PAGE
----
Field Trip Mysteries: The Mount Rushmore Face That Couldn’t See
by Steve Brezenoff, ill. Marcos Calo
Brezenoff, S. 2013. The Mount Rushmore face that couldn’t see. Minnesota: Capstone.
Catalina Duran is going with the History Club on a field trip to Mount Rushmore, but there is more than meets the eye at this historical landmark. When the group arrives, they notice a group of protesters in the parking lot, protesting that the land belongs to the Lakota tribe. A series of strange events begin to unfold during their trip: the ranger is tied up, old machinery runs by itself, and it’s seeming more and more like the place is haunted by ghosts, either the ghosts of presidents or of the Lakota. Catalina is on the case figuring out what it is haunting Mount Rushmore.
ATOS Book Level: 3.4
Interest Level: Middle Grades (MG 4-8)
This book has moderate illustrations, but each page has a few small paragraphs of text. Each chapter has a few pages that feature block quotes of sentences significant to the plot. There is a glossary in the back of the book that helps students with some of the bigger vocabulary words in the book. The structure and chronology is straight forward, and the language is on par with a middle school level. The narrative structure is somewhat like a Scooby Doo mystery, complete with a red herring and a reveal at the end.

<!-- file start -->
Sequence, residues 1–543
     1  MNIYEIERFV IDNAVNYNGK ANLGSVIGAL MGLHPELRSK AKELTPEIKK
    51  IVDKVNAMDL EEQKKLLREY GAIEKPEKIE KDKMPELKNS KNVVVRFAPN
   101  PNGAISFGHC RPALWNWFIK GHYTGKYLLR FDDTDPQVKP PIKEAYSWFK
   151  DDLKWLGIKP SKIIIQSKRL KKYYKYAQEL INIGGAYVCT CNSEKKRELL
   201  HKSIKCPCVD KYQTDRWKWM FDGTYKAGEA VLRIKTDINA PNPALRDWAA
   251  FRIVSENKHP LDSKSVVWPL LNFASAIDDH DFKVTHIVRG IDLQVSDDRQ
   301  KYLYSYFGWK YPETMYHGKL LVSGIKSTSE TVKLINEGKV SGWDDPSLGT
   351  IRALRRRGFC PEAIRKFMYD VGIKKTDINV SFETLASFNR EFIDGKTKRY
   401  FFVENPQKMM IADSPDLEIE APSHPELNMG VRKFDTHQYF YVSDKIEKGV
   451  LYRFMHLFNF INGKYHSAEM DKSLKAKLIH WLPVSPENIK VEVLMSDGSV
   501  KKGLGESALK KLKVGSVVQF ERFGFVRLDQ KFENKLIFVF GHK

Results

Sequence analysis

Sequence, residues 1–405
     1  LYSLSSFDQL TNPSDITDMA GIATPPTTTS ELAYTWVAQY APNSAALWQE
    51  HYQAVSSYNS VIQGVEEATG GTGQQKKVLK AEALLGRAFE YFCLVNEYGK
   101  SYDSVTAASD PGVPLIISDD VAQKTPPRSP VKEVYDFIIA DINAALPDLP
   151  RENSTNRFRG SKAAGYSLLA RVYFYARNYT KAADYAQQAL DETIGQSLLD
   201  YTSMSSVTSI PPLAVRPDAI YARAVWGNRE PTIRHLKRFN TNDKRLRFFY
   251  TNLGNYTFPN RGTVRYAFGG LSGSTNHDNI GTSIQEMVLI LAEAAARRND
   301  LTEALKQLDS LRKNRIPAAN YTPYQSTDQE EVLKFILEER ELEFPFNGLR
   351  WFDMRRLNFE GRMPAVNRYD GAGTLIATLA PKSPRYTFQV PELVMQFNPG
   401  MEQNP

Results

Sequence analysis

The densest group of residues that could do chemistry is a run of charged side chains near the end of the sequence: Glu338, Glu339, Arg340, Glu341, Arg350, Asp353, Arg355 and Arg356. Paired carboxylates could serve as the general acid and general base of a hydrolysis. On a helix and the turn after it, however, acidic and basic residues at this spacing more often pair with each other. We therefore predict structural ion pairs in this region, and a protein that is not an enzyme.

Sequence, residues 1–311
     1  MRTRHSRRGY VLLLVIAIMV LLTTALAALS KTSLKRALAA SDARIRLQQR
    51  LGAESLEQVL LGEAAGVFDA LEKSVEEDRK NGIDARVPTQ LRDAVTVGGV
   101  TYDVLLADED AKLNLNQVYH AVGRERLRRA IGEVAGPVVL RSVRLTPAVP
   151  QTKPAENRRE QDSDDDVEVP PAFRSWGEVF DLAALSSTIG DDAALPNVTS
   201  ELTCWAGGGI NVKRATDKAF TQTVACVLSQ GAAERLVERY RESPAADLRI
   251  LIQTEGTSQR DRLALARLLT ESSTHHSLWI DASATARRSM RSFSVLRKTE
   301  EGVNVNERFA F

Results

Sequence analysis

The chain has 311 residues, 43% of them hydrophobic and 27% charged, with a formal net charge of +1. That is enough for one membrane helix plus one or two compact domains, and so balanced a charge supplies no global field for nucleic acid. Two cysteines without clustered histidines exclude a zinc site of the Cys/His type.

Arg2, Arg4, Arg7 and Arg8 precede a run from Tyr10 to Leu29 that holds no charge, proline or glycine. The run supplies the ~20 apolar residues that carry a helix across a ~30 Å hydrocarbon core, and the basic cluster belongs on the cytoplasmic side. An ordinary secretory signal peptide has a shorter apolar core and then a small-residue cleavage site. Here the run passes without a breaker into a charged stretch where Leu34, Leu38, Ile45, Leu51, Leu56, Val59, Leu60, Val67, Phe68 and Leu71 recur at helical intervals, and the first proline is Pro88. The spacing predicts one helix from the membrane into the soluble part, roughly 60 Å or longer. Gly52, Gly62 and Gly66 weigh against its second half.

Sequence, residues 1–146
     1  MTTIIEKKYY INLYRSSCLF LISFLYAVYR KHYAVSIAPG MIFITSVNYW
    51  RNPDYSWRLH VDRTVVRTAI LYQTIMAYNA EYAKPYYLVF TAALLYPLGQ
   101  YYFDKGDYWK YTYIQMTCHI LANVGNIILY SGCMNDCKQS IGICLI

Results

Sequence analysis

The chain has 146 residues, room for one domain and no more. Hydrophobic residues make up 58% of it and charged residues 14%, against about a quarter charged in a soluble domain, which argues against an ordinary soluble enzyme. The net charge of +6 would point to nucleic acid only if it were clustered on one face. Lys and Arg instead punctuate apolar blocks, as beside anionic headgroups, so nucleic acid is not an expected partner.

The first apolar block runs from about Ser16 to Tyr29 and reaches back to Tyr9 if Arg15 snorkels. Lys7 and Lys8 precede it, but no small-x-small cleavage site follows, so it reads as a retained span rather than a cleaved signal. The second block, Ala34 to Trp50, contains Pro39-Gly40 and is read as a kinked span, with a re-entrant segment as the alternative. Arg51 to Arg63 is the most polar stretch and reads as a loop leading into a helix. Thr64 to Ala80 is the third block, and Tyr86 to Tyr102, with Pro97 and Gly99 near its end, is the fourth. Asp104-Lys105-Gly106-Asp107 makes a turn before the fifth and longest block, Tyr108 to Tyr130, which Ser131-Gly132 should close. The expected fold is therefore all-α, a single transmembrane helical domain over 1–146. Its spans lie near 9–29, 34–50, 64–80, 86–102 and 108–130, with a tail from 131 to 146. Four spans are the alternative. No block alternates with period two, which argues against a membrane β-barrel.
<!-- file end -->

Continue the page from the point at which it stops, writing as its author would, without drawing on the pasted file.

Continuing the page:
Curriculum Tie Ins:
Discussions of the mystery genre and the types of characters in mysteries: the detective, the red herring, the culprit.
Standard 3.0 Comprehension of Literary Text
1. Develop and apply comprehension skills by reading and analyzing a variety of self-selected and assigned literary texts including print and non-print
2. Analyze text features to facilitate understanding of literary texts
3. Analyze elements of narrative texts to facilitate understanding and interpretation
Author’s website: http://www.stevebrezenoff.com/
Personal Thoughts: The illustrations in the beginning and end of this book really drew me in and reminded me of books I loved at this age, ones that really gave off a “solving a mystery” aura with newspaper clippings and images of notepads.